Allotments take centre stage for thriving new National Plant Collections
11th November, 2021
These thriving collections prove you don’t need a garden to hold a National Plant Collection
This autumn, Britain’s allotments are taking centre stage as five new National Plant Collections, held all, or partly on allotments in Warwickshire and Kent, have been accredited by horticultural conservation charity Plant Heritage.
Plant Heritage has also accredited four other new collections, including two historic collections - Iris in Suffolk and Tulipa in Wiltshire, and new collections of Tradescantia and Verbena, which were both inspired by the charity’s annual Missing Genera campaign.
Abundant allotments showcasing Plant Heritage National Plant Collections
This Kniphofia (red hot poker) collection is the result of Andrew’s passion for these plants, and has been granted National Plant Collection status due to its size - the allotment is home to 149 different types of these eye-catching and iconic plants. Andrew was shocked to learn of the decline in Kniphofia over the years and that those available now are just a fraction of the 1,000 cultivars ever bred and named. In order to conserve the diversity of Kniphofia, this expanding collection aims to spread the word that Kniphofia are at risk and to see more planted in gardens across the country.
A favourite for visiting bees with their densely clustered flowerheads, Andrew has always grown some Echinops (globe thistles) on his allotment. But, it wasn’t until realising they were at risk of being lost from cultivation that he decided to expand his collection. Following extensive research and finding that almost all Echinops could be reproduced from seed, Andrew now grows 11 species and 12 cultivars of Echinops on his allotment. Like the Kniphofia, one bed holds the majority of Echinops taxa and the second is planted as mixed herbaceous beds with some Echinops within.
Travel to the Garden of England and you’ll find more allotments that are home to Collections. Sevenoaks based Julian Reed has been collecting ferns since the 1970s, and this newly accredited collection of Polystichum, or shield ferns is held over two sites – his allotment and garden. Julian has amassed a vast collection of Polystichum, and it is still expanding, including many old and unusual forms and non commercial varieties.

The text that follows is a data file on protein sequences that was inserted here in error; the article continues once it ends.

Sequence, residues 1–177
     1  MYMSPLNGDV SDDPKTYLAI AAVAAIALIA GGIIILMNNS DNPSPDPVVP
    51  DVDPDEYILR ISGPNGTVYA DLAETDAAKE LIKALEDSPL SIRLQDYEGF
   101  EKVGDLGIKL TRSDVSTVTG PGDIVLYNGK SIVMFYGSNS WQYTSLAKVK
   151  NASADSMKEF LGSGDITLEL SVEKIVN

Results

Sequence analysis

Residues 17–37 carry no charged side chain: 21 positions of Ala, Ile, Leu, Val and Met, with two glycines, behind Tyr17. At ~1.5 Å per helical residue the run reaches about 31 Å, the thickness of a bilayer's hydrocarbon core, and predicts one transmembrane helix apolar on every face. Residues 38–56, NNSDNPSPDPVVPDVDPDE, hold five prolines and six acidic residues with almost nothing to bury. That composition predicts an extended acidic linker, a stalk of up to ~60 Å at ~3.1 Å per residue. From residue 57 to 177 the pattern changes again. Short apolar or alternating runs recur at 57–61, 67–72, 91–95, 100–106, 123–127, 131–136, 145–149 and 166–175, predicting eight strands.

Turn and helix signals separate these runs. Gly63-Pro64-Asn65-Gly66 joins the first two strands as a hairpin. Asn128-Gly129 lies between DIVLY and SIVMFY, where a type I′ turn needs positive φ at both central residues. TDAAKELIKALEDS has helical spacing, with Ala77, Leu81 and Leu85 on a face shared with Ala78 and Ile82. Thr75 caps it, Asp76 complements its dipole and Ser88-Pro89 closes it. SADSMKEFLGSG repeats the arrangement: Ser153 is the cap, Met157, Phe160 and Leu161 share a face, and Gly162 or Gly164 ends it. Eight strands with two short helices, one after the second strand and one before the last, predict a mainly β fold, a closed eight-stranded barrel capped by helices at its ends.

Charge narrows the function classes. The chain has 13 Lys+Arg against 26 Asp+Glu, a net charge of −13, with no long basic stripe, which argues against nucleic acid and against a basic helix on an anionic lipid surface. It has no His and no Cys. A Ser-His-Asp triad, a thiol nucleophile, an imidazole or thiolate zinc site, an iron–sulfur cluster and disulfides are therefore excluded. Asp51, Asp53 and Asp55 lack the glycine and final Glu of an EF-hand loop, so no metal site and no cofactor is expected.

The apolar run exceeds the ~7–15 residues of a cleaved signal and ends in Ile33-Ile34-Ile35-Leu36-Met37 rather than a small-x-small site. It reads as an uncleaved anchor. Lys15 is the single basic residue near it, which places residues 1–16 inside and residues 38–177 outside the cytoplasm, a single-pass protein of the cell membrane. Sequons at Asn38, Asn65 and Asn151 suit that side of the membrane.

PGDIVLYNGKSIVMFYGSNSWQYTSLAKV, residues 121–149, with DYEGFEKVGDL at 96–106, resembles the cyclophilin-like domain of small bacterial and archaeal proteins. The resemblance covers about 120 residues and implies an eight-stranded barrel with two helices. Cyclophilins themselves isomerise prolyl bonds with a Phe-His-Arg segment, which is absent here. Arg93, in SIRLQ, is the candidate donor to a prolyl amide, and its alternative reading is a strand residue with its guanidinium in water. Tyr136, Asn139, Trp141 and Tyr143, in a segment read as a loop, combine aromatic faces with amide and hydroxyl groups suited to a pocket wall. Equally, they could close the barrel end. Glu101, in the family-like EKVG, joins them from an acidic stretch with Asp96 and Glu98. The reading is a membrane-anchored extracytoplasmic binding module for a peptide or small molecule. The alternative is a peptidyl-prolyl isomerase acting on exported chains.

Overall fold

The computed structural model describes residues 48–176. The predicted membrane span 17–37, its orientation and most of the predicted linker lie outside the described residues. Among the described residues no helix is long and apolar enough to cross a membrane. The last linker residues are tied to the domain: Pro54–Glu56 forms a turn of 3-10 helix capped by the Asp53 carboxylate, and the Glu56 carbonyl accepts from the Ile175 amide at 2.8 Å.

Also in Kent are Adrian Thorne's newly accredited Actaea and Veronica (Parahebe) collections - held partly in his own garden, but with all of his collection’s back-up plants held on his allotment. Adrian’s Veronica (Parahebe) collection was born out of his passion for Parahebe, now classified under Veronica. With its six species and 21 taxa it is now the largest of its kind in the UK, and upon discovering that some varieties are difficult to cultivate, Adrian is now on a mission to explore optimum growing conditions for this pretty plant.
Vicki Cooke, Conservation Manager at Plant Heritage says: “There are a handful of National Plant Collections held on allotments across the country, but as they’re not the obvious location choice for a collection they’re often overlooked. These five new collections reinforce that you don’t need a garden or large plot of land to hold a National Plant Collection, and that a variety of plants from iconic red hot pokers to understated ferns can thrive on allotments. We hope this encourages more people to start thinking of places that they could hold a National Plant Collection, whether on an allotment, a community garden or a school.”
Hailing historic plants in Wiltshire & Suffolk
Polly Nicholson’s historic collection of Tulipa is full of rare and unusual English and Dutch tulips (including breeder and broken tulips), with some dating from the early 1600s. Based in Wiltshire, this collection has organic status from the Soil Association and is conserving many bulbs that are in increasingly short supply. Polly hopes that her living resource of heritage tulips will enlighten and educate visitors about these fascinating plants.
Irises form part of Suffolk’s horticultural history and Steve Baker’s new Iris collection preserves a number of rare historic varieties from Suffolk breeders. Two irises have their own historic significance, as both are early winners of the British Iris Society’s Dykes Medal. Another, ‘Golden Hind’ (Chadburn), was important in the development of yellow irises and created several hybrids in the UK. Others, originally raised by B R Long, can also be found in Steve’s collection. Steve aims to find more irises by Chadburn and Long, and in doing so hopes to maintain Suffolk’s longstanding connection with irises.
Vicki adds: “These two collections were accredited as they’re helping to preserve significant and historic plants to ensure they’re not lost from our gardens - something that echoes the ethos of Plant Heritage.”